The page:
What Do English And Chinese Proverbs Have In Common?

Image source: Fotosearch.com
Image source: Fotosearch.com

As far as some proverbs are concerned, I find that there are similarities between English and Chinese even though the cultures are very much different. It is interesting to compare the two. Almost all Chinese proverbs can be expressed in just four words. Take a look at some of the marvelous examples:

Killing two birds with one stone.

Chinese equivalent: 一箭双雕.

Literally: Killing two eagles with an arrow.

Don't teach your grandmother to suck milk.

Chinese equivalent: 班们弄斧.

Literally: To show off your skills in front of an expert.

As close as a clam.

Chinese equivalent: 一毛不拔.

Literally: Not pulling even a hair.

As plain as a nose on one's face.

Chinese equivalent:一目了然

Literally: It is clear at a glance.

Love at first sight.

Chinese equivalent: 一见倾心

Literally: The heart inclines at first sight.

To carry off with a smile.

Chinese equivalent:一笑置之.

To owe one a day in the harvest.

Chinese equivalent: 一饭之恩.

Literally: The favor of a meal.

As like as two peas.

Chinese equivalent: 一模一样.

Literally: Exactly the same.

To hang by a thread.

Chinese equivalent: 一发千钧

Literally: Hanging forty thousand pounds with a thread of hair.

A drop in a bucket. .

Chinese equivalent: 九牛一毛.

Literally: A thread of hair from nine oxen.

All things to all men.

Chinese equivalent: 八面玲珑.

Literally: Octagonal porcelain vase.

A wolf in sheep's clothing.

Chinese equivalent: 人面兽心.

Literally: The face of a man but a heart of a beast.

Putting the cart before the horse.

Chinese equivalent: 本末倒置.

Literally: Putting the root at the top of a tree.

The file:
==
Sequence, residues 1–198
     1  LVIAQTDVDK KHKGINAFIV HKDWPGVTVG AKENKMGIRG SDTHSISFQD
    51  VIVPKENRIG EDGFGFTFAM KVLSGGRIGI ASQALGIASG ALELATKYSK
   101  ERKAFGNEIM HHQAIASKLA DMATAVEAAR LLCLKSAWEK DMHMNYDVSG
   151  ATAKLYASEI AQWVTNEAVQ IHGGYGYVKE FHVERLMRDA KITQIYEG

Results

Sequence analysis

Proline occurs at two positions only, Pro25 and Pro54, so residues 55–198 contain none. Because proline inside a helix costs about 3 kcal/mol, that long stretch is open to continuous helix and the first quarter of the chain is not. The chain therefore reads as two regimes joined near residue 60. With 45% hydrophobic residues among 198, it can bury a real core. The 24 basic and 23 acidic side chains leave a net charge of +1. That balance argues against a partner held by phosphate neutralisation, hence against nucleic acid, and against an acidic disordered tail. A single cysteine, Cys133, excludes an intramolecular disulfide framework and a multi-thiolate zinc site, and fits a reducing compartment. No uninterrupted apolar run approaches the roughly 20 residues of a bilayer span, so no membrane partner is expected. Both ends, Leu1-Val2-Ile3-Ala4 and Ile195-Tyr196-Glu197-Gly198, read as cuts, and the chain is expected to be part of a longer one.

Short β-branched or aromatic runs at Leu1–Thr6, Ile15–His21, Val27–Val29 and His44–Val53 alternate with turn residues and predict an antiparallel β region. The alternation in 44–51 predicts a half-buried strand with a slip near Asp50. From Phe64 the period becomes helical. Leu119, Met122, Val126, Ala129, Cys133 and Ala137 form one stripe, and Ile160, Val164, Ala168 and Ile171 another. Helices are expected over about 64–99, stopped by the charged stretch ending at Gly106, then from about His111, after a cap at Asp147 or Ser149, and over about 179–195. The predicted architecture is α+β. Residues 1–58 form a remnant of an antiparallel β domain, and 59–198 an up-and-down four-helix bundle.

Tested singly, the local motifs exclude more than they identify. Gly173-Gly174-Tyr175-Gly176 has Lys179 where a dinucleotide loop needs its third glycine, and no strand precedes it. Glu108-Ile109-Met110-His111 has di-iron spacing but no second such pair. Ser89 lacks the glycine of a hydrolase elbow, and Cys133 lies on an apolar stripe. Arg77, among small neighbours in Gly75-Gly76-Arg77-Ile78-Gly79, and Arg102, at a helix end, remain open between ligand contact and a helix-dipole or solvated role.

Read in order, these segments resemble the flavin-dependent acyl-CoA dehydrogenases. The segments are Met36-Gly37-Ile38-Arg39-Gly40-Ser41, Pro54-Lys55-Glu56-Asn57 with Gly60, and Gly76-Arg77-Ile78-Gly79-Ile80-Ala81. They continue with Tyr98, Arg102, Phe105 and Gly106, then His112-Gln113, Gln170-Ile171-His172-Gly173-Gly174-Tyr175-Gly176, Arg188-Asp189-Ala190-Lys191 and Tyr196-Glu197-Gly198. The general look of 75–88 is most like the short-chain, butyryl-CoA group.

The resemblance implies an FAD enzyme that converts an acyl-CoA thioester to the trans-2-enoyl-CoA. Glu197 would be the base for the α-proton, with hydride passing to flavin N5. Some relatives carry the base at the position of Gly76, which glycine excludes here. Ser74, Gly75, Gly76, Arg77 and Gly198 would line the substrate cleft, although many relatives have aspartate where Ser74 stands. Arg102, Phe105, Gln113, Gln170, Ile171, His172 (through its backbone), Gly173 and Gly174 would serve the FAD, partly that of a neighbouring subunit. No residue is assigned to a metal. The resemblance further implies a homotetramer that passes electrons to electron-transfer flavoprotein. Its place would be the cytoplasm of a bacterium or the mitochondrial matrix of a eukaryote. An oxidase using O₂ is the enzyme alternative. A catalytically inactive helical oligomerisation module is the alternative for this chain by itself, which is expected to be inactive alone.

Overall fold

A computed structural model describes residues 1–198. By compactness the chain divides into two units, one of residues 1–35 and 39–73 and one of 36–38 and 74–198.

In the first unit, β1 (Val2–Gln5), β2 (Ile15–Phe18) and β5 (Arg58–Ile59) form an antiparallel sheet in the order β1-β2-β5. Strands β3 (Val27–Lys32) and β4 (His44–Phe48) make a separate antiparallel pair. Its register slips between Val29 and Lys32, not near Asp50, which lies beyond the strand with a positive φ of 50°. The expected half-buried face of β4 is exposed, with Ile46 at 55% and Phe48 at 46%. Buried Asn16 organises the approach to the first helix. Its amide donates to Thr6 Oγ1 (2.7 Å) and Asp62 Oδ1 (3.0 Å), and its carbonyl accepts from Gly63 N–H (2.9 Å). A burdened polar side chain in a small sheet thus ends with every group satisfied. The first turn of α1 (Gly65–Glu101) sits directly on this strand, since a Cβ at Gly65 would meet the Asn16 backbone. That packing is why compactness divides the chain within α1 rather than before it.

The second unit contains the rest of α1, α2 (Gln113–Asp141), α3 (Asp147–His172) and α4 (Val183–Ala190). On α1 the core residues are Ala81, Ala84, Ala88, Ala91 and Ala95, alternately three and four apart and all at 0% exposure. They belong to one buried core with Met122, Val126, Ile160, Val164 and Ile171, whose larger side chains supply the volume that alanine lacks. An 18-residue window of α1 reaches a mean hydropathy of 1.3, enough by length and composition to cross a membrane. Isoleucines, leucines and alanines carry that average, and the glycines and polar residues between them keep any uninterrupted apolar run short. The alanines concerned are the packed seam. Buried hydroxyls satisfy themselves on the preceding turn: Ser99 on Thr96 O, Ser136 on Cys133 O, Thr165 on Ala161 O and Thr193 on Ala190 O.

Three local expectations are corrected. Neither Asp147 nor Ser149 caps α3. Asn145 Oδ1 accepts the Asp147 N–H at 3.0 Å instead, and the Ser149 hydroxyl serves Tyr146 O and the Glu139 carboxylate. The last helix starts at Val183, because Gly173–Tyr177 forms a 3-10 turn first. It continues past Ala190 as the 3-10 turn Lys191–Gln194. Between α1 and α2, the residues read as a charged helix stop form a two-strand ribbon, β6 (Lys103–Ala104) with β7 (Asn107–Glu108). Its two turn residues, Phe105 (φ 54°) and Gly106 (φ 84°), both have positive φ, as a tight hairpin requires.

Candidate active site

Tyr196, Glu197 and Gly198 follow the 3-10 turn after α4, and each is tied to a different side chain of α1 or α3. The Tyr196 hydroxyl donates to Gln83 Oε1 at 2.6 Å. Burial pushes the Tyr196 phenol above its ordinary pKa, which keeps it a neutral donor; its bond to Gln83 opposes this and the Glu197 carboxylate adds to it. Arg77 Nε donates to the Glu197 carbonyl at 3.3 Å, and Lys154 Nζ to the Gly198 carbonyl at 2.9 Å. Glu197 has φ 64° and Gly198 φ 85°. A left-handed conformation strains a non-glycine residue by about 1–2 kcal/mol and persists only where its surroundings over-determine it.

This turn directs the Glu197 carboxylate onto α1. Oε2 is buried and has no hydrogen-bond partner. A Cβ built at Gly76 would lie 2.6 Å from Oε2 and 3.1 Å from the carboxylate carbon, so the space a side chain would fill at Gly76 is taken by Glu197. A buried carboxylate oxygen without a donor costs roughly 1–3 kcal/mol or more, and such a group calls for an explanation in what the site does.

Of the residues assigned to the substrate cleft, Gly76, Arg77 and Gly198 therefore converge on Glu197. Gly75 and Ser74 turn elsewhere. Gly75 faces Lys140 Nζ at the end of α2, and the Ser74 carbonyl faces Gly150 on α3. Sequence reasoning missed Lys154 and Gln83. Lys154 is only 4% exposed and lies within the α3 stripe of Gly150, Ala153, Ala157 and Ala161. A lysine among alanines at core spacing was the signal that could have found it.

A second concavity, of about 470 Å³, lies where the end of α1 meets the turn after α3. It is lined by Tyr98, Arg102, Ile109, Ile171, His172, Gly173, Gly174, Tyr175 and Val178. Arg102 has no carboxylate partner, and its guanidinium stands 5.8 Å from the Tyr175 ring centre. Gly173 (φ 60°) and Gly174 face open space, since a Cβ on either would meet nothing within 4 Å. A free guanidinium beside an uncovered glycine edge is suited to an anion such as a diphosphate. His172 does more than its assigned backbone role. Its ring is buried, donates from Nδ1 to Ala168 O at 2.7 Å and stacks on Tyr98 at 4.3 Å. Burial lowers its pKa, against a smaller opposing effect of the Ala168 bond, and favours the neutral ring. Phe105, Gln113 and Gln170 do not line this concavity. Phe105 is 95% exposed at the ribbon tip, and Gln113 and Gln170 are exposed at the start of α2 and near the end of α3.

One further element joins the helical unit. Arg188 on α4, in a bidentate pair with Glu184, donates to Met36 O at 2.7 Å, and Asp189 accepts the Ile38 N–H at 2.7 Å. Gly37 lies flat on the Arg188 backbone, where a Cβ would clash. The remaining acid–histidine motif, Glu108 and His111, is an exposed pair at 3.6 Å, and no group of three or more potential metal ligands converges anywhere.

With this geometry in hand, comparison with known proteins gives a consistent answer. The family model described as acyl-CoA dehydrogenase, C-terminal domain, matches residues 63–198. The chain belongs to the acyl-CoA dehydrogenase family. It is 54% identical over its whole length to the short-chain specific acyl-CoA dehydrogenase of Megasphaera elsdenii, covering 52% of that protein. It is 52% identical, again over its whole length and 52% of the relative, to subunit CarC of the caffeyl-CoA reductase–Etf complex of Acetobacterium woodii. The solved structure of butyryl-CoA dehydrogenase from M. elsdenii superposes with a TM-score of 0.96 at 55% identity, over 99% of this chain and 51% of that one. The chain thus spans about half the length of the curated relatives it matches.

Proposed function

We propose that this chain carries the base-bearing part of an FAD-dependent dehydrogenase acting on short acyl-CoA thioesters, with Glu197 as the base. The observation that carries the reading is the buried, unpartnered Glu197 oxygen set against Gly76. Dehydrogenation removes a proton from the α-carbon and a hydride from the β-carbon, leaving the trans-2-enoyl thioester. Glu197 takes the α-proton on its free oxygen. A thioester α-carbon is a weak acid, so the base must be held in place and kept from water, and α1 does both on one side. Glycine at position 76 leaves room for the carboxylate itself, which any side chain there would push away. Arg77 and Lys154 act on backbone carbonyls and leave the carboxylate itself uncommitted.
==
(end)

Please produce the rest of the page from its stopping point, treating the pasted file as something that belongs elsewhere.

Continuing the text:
Silence is golden, speech is silver.

Chinese equivalent: 沉默是金.

You made your bed, now lie in it.

Chinese equivalent: 自作自受.

Literally: One is responsible for what he has done.

You make a mountain of a mole-hill.

Chinese equivalent: 小题大作.

Literally: Writing a long essay on a minor subject.

Where there's a will there's a way.

Chinese equivalent: 有志者, 事竟成.

An eye for an eye, a tooth for a tooth.

Chinese equivalent: 以牙还牙.

Literally: A tooth for a tooth.

It's never too late to mend.

Chinese equivalent: 亡羊补牢.

Literally: To mend a fence when a sheep is killed.

A burnt child dreads fire.

Chinese equivalent: 惊弓之鳥.

Literally: A bird dreads a bow.

Prevention is better than cure.

Chinese equivalent: 预防胜于治疗.

Strike while the iron is hot.

Chinese equivalent: 打铁趁热

When in Rome do as the Romans do.

Chinese equivalent: 入乡随俗.

Literally: To follow the customs when one enters a village.

Blood is thicker than water.

Chinese equivalent: 血浓于水.

A leopard cannot change its spots.

Chinese equivalent: 本性难移.

Literally: It is difficult to change one's character.

Between a rock and a hard place.

Chinese equivalent: 进退两难.

Literally: Either advancing or retreating is difficult.

You can't have your cake and eat it.

Chinese equivalent: 鱼与熊掌.

Literally: It is difficult to have a fish and a bear's paw at the same time.





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